The Bangladesh Bank is formulating rules to penalise banks' authorised dealer branches and money changers with up to Tk5 lakh for irregularities in foreign exchange transactions.
Currently, the institutions face licence cancellation and lawsuits for violating the existing guidelines of the central bank.
Seeking anonymity, a senior official at the Bangladesh Bank said the regulator rarely cancels a licence for an irregularity as such action eventually disrupts the activities of other companies.
Because import-export operations of thousands of companies are done through an authorised dealer branch of a bank, he added.
"As there is no penalty for such irregularities, some companies go for over-invoicing and under-invoicing of their import-export trade. To prevent such irregularities, rules are being formulated afresh to penalise the institutions," said the official.
In a letter to the Financial Institutions Division on 22 November, the central bank said a section was inserted by amending the Foreign Exchange Regulation Act 1947 in 2015 to regulate authorised dealers and money changers. But, no rule has been formulated to determine penalties for irregularities. Due to this, the Bangladesh Bank could not take any action against those involved in irregularities.
Therefore, in view of this, the central bank is going to formulate rules to bring discipline to the local foreign exchange market and the country's import-export trade activities and to build and control proper market infrastructure, read the letter.
The central bank official further said that recently there have been irregularities in the import of products through these authorised dealer banks and the prices of export products are not being repatriated as per rules.
As a result, the risk of money laundering to foreign countries under the guise of import and export trade has increased. Banks are often directly involved with this. Therefore, to prevent these irregularities, a new rule is going to be formulated, he added.
Former governor of the Bangladesh Bank Saleh Uddin Ahmed said that banks, exchange houses and money changers get involved in irregularities in foreign currency transactions. Even if the central bank gets evidence through monitoring, it cannot take appropriate measures due to the weakness of the regulations.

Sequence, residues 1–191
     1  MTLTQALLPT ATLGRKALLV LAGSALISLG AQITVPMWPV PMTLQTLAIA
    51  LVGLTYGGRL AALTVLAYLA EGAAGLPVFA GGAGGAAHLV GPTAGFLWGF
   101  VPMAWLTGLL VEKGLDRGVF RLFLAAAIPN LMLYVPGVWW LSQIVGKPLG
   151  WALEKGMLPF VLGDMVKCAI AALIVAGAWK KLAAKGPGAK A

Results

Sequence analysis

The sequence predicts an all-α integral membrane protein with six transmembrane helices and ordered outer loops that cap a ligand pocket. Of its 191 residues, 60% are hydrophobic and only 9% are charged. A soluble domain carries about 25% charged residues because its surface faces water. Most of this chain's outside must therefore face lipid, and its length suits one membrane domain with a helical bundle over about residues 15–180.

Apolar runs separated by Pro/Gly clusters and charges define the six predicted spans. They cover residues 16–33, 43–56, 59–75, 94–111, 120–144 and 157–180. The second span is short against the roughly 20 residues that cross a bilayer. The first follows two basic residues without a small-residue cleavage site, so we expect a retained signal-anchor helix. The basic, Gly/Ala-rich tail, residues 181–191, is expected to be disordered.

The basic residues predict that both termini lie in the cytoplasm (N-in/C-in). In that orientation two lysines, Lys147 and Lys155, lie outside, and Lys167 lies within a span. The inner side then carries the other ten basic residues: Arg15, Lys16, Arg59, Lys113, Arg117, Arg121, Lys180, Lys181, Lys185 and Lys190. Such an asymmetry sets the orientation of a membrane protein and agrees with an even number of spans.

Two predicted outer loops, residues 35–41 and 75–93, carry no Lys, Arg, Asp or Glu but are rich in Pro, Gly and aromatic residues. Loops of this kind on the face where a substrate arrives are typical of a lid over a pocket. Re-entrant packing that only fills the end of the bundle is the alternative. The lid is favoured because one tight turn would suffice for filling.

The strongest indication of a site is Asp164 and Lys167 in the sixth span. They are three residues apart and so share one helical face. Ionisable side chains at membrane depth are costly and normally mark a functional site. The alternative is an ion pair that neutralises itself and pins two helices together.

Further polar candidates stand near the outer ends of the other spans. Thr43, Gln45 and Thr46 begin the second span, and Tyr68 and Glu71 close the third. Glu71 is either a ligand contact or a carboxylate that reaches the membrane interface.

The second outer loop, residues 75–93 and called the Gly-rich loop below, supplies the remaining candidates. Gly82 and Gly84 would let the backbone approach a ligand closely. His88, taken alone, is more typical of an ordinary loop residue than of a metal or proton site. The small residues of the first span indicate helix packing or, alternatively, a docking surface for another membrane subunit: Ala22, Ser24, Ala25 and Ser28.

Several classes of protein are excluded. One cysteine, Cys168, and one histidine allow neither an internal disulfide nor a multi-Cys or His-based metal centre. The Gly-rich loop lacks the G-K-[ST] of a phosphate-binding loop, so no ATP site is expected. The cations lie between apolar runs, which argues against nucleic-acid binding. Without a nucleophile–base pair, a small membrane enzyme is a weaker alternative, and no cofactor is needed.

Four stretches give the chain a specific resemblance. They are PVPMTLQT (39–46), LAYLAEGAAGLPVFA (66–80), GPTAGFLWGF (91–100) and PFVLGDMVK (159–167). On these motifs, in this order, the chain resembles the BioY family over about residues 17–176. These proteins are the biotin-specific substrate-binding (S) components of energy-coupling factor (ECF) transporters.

"If institutions do not face appropriate penalties against irregularities, then they will not pay attention to any central bank directives. So this rule will be worthy," he added.
According to the sources, authorised dealer branches of banks and money changers will face fines from a minimum of Tk5,000 to a maximum of Tk5 lakh for non-cooperation with Bangladesh Bank inspectors, providing any false information and intentionally destroying or misplacing documents under the new rule.
And if this irregularity continues, then from the first day, a fine of Tk1000 to Tk10,000 per day will be imposed. The fine must be paid within 14 days. And if they fail to pay, the penalty will be deducted from their accounts without notice, it added.
As the country's reserves are decreasing, there is a liquid dollar crisis in banks since last April. On 12 July, for the first time, the dollar was sold at Tk100 in the open market due to the low supply of cash dollars because of a decrease in the arrival of expatriates.
After that, the dollar price gradually increased to Tk120 on 10 August. After that, the Bangladesh Bank launched raids in the kerb market and exchange houses to prevent dollar manipulation.
The central bank issued show cause notices to 49 money changers for various irregularities in dollar trading and the licence of five more entities has been suspended.
In view of this, the treasure heads of six local and foreign banks were removed from their duties on 8 August for excessive profits. Although later it was withdrawn by the Bangladesh Bank.